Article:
2020 Gift Guide - Week 6

Date Dec 19, 2020
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Every Thursday since mid-November, we've been presenting a new list of gifts for the mountain biker in your life. This is gear we stand behind that will upgrade your bike or the ride experience, or deals on some other sweet stuff we're digging right now.

In case you missed the first five weeks of the 2020 NSMB Gift Guide, here they are:

You're running out of time and stressing about last minute gifts, but in many cases these companies are offering free upgrades on shipping, or you can find these products locally. And on that note, where possible, please do support your local independent bike shop, outdoor gear store, or other merchant or retailer. We present links here for your convenience or benefit in case you can't find this stuff where you live, but hope you'll join us in focusing our business on local stores and businesses in your local community whenever possible.


For a while there, craft brewers weren't filling growlers, but for the most part that's happening again. That's good news, because I love my original Stanley Classic Easy Pour Growler. And it's good value at $55 US (you'll find it for close to that in CAD if you hunt around), but the Stanley Go Vacuum Growler is a phenomenal value at $30 (see below for sale pricing). At that price you'd think they cut a corner or two but that's not so: it's made with 18/8 stainless steel and features Stanley’s signature double-wall vacuum insulation to keep your craft brews ice-cold for longer. It was already a bargain at $30 USD, but right now (and until Dec 31) it's on sale for $21!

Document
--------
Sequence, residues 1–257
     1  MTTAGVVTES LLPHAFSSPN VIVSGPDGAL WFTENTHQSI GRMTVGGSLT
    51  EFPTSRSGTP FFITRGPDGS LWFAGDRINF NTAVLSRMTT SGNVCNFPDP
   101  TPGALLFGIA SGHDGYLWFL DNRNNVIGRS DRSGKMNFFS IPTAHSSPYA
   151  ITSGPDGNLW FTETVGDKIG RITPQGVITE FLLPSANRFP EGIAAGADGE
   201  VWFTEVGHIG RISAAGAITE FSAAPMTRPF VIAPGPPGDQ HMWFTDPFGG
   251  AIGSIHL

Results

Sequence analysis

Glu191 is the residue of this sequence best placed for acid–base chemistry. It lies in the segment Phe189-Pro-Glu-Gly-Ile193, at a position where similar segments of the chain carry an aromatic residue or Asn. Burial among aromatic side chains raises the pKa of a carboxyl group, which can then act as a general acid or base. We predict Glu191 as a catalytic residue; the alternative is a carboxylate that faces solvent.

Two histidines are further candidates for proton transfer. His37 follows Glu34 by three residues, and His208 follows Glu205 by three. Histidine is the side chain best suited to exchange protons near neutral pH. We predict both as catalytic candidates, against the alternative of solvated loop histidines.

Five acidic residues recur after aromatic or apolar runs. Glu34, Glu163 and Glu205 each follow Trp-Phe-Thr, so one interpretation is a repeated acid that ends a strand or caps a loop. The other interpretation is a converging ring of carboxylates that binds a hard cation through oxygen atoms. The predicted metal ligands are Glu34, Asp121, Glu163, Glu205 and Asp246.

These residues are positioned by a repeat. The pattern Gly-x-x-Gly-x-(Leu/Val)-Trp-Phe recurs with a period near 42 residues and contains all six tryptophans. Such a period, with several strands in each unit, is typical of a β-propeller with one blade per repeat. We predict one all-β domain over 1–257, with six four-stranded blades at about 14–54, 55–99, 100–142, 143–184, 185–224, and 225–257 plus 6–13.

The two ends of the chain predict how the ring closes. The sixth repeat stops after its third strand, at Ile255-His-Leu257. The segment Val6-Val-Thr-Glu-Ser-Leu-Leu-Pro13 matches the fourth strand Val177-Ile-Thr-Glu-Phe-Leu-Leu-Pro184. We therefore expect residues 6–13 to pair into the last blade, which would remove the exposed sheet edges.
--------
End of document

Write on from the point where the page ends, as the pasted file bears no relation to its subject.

• 18/8 stainless steel, BPA-free
  • Double-wall vacuum insulation
  • Leakproof + packable
  • Easy-to-carry handle
  • Dishwasher safe
  • Weight: 1.94 // Dimensions: 6.5L x 4.6W x 12.2H in

Giant Shuttle Flat Shoes

Throw on your Shuttles, grab your bike and go rip some Saturday morning laps on the local singletrack. Wear them to the shop, go hit the dirt jumps after work and then get ready to meet your buddies for a cold one. Giant’s Shuttle Flat mountain bike shoe is designed to be as versatile and ready for anything as you are. It features an ultra-durable dual-density rubber cup sole with exclusive GRIPR rubber compound in the pedal contact area. Plus it has a super-cushy midsole for add comfort and a molded toe guard for extra protection. The Shuttle Flat is a flat-out, all-round shredder ready to become your go-to shoe.

We haven't posted a review of these yet - watch for one in the new year - but early results are really promising. They have a larger than average toe box and the soles offer good traction, so if you need a higher volume flat shoe, the Giant Shuttle Flat shoe may be up your alley.


  • Long-lasting, dual density rubber cup sole